Panama prisoners build confession boxes for papal visit

Inmates at La Joya prison work in the production of 250 confessionals for the upcoming World Youth Day Panama, on November 13, 2018 in Panama City. (AFP)
Updated 18 November 2018
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Panama prisoners build confession boxes for papal visit

  • The 9,700 inmates packed into La Joya is double the prison's capacity

PACORA, Panama: Amid swirling sawdust and the smell of fresh paint, the inmates of a grim Panamanian prison are diligently preparing for the upcoming visit of Pope Francis, hoping for forgiveness and praying for freedom.
The sound of nails being deftly hammered into wood mingles with music in the makeshift workshop of the overcrowded La Joya prison, northeast of Panama City.
Around 30 inmates are busy making confession boxes that will be used by pilgrims to confess their sins to priests during the pope’s January 22-27 visit to mark the Catholic World Youth Day festival.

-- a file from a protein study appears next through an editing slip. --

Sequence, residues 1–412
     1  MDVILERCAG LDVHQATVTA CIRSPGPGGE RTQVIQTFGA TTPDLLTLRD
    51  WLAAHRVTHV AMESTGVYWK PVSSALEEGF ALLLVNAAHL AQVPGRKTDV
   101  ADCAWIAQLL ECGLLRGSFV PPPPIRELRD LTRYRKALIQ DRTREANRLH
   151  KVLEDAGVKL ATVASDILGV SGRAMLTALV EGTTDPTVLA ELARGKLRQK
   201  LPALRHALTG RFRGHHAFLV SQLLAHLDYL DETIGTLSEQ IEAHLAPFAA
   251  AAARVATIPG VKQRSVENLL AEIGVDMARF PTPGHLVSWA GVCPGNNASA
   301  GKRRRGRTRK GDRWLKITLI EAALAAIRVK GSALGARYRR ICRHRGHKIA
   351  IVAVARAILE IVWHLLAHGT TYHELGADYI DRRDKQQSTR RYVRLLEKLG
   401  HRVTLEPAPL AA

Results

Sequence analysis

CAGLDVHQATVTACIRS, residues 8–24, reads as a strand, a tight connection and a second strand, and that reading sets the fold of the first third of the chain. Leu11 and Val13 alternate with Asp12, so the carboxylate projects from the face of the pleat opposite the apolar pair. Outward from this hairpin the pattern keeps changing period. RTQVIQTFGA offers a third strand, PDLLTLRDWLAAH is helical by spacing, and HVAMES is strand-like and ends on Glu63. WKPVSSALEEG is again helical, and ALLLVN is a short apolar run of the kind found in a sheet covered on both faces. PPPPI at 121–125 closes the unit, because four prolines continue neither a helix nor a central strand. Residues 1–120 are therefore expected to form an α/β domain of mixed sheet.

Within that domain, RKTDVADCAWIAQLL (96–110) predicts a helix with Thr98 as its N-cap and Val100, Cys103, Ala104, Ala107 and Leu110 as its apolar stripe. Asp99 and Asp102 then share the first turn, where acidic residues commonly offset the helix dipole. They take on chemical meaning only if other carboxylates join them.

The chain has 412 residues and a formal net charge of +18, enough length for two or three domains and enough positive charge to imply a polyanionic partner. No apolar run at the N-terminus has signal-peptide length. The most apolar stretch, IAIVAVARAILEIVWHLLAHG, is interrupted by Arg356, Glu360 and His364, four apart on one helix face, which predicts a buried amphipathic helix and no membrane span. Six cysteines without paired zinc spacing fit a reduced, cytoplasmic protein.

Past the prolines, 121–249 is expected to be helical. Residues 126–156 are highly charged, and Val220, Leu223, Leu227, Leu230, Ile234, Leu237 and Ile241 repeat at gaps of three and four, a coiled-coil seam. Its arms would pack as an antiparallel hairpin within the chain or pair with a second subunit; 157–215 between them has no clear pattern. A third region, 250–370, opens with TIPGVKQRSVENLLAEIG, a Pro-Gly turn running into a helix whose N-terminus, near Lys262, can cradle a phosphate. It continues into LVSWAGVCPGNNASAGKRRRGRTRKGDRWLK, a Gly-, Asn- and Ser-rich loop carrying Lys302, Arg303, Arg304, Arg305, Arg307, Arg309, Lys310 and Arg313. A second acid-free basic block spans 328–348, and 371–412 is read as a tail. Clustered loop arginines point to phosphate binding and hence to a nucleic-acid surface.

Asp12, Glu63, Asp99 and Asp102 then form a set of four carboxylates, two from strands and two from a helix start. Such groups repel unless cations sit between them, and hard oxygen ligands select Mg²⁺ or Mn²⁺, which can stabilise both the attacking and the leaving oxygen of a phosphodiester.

A painting on one of the walls at the entrance to La Joya seems oddly prophetic: “God impacts your life, let yourself be led to him.”
Inmates like Felix Salinas hold out hope that a papal visit will impact their lives in some concrete way.
“I would ask him to give me a chance. A pardon at least. Because that is what we all want here,” said Salinas, a 50-year-old driver locked up here since 2015.
Justino Hernandez, 62 and a devout Catholic, is particularly looking forward to the papal visit, the first to the Central American country since the late John Paul II made the trip in 1983.
“The most important thing is to tell him that we are all entitled to a second chance and to freedom, that he gives us the chance to get out of this place,” he said.
Hernandez is prepared to ask the pope’s forgiveness “as many times as he wants.”
The pope’s agenda has yet to be finalized, and though he has visited prisons before, there has been no suggestion that he will visit the inmates of La Joya.
The 9,700 inmates packed into La Joya is double the prison’s capacity. Conditions here have been condemned by human rights organizations.
From 8:00 am to 4:00 pm, the prisoners cut out traced designs from wood panels, assemble crosses and then sand, paint and upholster the confessionals, under an instructor’s watchful eye.
It’s unpaid work, but most detainees hope their reward will come from Francis noticing their handiwork, or at least being told about it, and then pardon them — failing that, a papal blessing.

The brightly painted confessional booths will be set up in a so-called “Park of Forgiveness,” an area of the capital’s Omar Park that will be dedicated to WYD activities.